Modelling the impact of fishery by-catches on albatross populations

Summary 1 Several albatross species, including the wandering albatross Diomedea exulans, have shown marked declines in abundance throughout their range. These seabirds are frequently taken as by-catch in longline fisheries and this mortality has been implicated in the population declines. 2 We developed a deterministic, density-dependent, age-structured model for assessing the effects of longlining on wandering albatross populations. We used demographic data from field studies at South Georgia and the Crozet Islands, data on albatross abundance from 1960 to 1995, and reported effort data from the tuna longline fisheries south of 30° S, to model estimated by-catch levels and other population parameters in the model. 3 The model used two alternative assumptions about patterns of at-sea distribution of wandering albatross (uniform between 30° S–60° S; proportional to the distribution of longline fishing effort between these latitudes). 4 Our model was able to predict reasonably closely the observed data from the Crozet Islands wandering albatross population, but the fit to the South Georgia population was substantially poorer. This probably reflects: (i) greater overlap in the Indian Ocean than in the Atlantic Ocean between the main areas of tuna longline fishing and the foraging ranges of wandering albatrosses from the Crozet Islands and South Georgia, respectively; and (ii) greater impact of poorly documented longline fisheries, especially the tuna fisheries in the south Atlantic and the Patagonian toothfish Dissostichus eleginoides fishery, within the foraging range of wandering albatrosses from South Georgia. 5 The model results suggest that the marked decline in both populations, and subsequent recovery of the Crozet Islands population (but not the continued decline of the South Georgia population), can be explained by the tuna longline by-catch. They further indicate that populations may be able to sustain some level of incidental take. However, the likely under-reporting of fishing effort (especially in non-tuna longline fisheries) and the delicate balance between a sustainable and unsustainable level of by-catch for these long-lived populations suggest great caution in any application of such findings.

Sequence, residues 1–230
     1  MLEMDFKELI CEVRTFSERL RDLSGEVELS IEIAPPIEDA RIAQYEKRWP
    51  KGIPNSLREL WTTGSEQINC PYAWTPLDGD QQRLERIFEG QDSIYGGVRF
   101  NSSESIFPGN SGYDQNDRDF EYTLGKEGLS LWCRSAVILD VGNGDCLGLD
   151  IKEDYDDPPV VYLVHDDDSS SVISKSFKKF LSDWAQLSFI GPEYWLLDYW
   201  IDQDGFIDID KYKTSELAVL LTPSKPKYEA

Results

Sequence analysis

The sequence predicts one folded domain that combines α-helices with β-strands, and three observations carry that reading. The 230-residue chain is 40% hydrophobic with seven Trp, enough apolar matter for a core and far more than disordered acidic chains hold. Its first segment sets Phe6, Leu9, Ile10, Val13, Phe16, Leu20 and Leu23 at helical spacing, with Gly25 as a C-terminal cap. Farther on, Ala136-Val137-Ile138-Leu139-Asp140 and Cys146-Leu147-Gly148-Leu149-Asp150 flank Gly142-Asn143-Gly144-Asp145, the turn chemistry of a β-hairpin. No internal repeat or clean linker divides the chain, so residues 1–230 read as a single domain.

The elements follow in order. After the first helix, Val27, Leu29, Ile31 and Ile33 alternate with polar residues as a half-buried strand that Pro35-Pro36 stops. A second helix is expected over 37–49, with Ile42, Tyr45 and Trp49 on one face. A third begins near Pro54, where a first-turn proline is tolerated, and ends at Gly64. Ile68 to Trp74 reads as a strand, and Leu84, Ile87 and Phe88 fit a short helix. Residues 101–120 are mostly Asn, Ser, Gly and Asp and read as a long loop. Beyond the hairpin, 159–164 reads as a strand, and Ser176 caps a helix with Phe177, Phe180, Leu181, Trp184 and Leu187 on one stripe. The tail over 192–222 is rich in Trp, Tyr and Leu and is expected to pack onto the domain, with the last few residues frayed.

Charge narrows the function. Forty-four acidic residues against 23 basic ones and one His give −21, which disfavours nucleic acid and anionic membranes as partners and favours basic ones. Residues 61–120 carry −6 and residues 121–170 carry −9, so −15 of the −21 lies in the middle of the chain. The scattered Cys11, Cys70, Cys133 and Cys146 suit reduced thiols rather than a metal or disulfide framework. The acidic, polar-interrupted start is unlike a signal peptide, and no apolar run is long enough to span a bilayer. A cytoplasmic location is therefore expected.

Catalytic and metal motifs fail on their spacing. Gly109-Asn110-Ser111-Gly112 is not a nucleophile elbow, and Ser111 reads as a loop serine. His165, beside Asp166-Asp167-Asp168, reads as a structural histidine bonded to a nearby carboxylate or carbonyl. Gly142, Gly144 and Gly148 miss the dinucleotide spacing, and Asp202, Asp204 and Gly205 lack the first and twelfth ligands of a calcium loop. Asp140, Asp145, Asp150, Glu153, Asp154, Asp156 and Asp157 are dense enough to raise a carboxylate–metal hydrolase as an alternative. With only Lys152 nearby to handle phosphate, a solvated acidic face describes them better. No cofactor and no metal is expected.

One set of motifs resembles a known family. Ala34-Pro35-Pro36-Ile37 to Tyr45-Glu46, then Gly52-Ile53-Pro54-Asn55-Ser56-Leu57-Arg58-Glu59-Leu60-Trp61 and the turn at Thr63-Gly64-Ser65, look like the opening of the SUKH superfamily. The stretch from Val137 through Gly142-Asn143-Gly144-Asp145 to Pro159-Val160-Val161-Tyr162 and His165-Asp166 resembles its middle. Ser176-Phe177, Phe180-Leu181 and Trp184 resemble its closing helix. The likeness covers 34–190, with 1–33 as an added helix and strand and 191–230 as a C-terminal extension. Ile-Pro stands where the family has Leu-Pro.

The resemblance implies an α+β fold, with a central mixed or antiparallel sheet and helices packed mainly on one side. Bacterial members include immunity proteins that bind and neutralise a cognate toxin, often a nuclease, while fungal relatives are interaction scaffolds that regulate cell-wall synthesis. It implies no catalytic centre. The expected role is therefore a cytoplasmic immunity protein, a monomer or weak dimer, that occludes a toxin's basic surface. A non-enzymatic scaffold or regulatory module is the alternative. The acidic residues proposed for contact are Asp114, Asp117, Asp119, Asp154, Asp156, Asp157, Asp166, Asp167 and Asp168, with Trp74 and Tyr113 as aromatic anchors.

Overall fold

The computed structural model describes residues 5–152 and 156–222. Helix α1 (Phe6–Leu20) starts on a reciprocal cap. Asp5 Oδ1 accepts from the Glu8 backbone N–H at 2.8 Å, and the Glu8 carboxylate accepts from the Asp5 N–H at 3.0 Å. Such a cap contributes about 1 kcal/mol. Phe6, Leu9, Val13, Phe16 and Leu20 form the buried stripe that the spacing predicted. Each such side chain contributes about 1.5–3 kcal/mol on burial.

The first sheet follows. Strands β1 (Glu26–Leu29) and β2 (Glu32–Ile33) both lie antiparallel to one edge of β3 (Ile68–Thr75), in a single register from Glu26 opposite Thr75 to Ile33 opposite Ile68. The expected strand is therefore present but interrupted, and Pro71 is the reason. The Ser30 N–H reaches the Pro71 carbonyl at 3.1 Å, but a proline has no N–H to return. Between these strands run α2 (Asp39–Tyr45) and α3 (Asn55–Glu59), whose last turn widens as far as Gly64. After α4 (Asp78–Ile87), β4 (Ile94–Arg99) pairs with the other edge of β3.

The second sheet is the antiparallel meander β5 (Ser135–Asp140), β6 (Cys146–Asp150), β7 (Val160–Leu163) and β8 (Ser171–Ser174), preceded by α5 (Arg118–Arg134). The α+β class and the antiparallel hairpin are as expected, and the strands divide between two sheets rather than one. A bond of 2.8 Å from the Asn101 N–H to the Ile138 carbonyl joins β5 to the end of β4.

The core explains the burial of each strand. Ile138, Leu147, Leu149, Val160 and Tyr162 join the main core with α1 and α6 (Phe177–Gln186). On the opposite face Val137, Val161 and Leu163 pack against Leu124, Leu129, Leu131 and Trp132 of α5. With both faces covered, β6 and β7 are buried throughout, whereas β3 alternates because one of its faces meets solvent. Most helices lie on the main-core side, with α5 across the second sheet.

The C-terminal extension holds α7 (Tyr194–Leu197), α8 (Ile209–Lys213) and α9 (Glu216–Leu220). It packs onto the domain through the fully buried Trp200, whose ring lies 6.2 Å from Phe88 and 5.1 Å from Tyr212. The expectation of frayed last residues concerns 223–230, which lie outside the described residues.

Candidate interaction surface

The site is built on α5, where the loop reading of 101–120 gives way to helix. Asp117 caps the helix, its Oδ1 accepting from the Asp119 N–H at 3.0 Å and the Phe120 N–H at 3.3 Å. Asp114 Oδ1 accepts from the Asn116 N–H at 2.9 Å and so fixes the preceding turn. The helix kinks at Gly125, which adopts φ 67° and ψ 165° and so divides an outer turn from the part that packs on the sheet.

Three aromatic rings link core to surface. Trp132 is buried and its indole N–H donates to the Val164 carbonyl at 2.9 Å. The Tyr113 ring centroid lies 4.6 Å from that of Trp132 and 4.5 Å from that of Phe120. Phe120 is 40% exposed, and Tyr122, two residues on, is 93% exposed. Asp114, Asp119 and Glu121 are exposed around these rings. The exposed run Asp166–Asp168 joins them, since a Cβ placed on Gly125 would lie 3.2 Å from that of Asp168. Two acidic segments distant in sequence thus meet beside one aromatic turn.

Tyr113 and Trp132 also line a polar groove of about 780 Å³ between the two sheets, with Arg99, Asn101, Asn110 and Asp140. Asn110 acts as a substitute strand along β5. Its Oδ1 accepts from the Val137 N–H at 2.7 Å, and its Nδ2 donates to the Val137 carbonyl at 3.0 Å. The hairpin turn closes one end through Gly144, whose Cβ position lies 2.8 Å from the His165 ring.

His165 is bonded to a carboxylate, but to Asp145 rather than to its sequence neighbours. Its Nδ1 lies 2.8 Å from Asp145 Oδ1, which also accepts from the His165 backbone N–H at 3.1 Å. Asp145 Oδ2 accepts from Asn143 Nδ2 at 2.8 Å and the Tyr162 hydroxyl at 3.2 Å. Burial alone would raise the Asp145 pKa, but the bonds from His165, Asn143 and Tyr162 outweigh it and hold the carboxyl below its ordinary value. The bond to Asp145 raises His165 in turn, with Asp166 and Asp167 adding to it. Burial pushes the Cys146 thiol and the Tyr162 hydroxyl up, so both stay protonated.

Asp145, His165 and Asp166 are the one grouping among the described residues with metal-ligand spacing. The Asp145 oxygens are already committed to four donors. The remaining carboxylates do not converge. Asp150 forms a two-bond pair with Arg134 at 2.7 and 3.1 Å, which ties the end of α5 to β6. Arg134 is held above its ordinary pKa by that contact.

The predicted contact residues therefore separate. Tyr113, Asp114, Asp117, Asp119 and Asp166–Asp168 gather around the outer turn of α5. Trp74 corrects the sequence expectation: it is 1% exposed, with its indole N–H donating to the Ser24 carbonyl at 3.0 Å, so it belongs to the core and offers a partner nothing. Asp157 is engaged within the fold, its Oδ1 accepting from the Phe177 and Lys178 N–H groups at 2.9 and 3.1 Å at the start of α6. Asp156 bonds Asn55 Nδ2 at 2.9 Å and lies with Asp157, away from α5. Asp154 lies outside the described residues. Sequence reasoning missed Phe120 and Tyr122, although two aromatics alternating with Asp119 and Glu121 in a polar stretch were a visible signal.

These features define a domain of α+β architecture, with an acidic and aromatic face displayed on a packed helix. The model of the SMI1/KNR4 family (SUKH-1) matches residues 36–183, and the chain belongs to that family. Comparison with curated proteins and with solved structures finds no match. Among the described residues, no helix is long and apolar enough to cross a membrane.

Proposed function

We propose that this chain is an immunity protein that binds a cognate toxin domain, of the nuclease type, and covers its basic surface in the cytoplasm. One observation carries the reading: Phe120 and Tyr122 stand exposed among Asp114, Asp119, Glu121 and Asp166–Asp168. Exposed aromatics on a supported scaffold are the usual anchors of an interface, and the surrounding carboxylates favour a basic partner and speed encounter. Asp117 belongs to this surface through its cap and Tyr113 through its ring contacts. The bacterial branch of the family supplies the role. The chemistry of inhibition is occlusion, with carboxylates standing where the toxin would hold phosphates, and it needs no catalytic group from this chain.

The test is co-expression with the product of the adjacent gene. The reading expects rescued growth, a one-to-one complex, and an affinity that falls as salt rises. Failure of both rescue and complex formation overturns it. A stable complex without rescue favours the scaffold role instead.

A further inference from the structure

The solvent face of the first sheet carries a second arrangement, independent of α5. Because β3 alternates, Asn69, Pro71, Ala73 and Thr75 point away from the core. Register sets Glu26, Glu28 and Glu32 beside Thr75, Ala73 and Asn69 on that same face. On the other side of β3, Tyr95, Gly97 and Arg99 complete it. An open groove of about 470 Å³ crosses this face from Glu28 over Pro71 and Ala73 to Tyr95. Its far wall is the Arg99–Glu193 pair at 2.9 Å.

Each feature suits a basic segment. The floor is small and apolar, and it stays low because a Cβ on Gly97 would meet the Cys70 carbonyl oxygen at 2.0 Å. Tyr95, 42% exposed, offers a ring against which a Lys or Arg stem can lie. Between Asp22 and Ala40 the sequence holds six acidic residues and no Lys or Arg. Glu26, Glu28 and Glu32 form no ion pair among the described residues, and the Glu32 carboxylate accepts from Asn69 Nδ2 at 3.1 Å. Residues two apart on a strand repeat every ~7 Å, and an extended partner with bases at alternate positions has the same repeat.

Publication status:
Authors: Tuck, Geoffrey N., Polacheck, Tom, Croxall, John P., Weimerskirch, Henri

1 January, 2001
Journal of Applied Ecology / 38
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